What are the signs of miscarriage?
Signs of miscarriage depend on the stage of pregnancy. During the first few weeks of pregnancy, the only sign of miscarriage is bleeding that looks like a heavy period. You might not even know you were pregnant. Later, miscarriage often includes cramps and bleeding.
Sign of miscarriage include:
- vaginal bleeding, which varies from light spotting to heavy bleeding
- fluid, blood clots or tissue passing from your vagina
- abdominal pain or cramping
- lower back pain
- fever and chills (this may indicate infection).
Once you know you are pregnant, speak to your LMC midwife or doctor if you have any bleeding from your vagina, or if you think you may be having/have had a miscarriage
Keep in mind that light vaginal bleeding is relatively common during the first trimester (first 3 months) of pregnancy and does not necessarily mean you're having a miscarriage, but all bleeding should be checked.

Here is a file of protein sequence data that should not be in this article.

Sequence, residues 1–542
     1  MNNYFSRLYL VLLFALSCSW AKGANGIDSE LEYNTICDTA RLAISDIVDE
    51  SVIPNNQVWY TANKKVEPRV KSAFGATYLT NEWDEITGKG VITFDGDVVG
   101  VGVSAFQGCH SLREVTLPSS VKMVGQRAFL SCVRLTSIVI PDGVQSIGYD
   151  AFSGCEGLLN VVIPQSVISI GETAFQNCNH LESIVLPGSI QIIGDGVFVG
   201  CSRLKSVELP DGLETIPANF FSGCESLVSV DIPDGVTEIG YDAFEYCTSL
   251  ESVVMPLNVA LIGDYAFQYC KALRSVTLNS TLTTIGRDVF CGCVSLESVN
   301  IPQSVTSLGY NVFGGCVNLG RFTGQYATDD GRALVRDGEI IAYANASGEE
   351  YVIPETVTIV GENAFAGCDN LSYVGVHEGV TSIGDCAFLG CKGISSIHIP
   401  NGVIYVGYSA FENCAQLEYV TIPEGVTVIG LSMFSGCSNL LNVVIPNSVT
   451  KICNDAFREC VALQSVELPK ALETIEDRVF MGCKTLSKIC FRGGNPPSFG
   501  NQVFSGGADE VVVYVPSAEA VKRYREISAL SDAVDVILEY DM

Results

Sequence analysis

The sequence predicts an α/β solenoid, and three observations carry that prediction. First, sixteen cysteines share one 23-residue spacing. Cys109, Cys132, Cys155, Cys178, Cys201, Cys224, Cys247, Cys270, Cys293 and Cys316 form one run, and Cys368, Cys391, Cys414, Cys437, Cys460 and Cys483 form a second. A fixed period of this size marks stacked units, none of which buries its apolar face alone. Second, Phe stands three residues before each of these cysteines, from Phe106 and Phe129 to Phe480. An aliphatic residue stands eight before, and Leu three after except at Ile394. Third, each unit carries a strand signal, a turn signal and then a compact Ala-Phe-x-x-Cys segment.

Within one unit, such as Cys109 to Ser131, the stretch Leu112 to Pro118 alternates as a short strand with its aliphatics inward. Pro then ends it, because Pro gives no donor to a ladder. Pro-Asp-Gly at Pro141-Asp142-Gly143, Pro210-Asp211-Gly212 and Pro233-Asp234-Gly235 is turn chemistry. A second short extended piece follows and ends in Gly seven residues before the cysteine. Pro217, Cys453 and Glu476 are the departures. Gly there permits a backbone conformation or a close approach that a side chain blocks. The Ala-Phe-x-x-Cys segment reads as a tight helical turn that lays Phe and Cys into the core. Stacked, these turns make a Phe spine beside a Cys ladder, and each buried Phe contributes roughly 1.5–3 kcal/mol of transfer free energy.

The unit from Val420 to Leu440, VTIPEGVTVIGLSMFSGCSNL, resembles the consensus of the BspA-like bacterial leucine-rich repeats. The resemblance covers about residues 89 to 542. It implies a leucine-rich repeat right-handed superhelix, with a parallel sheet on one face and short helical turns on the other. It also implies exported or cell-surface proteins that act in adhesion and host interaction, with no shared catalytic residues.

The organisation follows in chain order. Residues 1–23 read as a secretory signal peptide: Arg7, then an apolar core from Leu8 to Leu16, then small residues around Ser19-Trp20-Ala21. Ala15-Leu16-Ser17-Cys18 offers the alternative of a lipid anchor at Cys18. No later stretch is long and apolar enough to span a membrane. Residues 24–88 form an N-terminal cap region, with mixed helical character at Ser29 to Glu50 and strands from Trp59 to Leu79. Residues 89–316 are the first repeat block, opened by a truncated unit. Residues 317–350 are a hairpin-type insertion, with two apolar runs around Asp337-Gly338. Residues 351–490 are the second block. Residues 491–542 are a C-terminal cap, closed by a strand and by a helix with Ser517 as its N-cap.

What should I do if I think I am miscarrying?
If you are concerned that you may be starting to miscarry or you are having any vaginal bleeding and/or pain contact your LMC midwife or doctor. They will tell you what to do.
Go to the emergency department at the local hospital if your bleeding is heavy (soaking pads) and/or if you are passing blood clots and/or having pain. If you are alone and things are happening fast, dial 111 and ask for an ambulance. Never drive yourself to hospital if you think you are having a miscarriage.
What can my LMC midwife or doctor do if I'm pregnant and bleeding?
If you are pregnant and experiencing light vaginal bleeding, your LMC midwife or doctor will probably organise an ultrasound to help assess whether your pregnancy is healthy. An ultrasound can help determine whether:
- there is a fetal heartbeat
- the amniotic sac that surrounds the fetus is normal
- the pregnancy is ectopic (occurring outside your uterus, such as in one of the fallopian tubes)
- you may have spontaneously aborted one fetus in a twin or triplet pregnancy.
Unfortunately, your healthcare provider can’t stop you from miscarrying.
How is a miscarriage confirmed?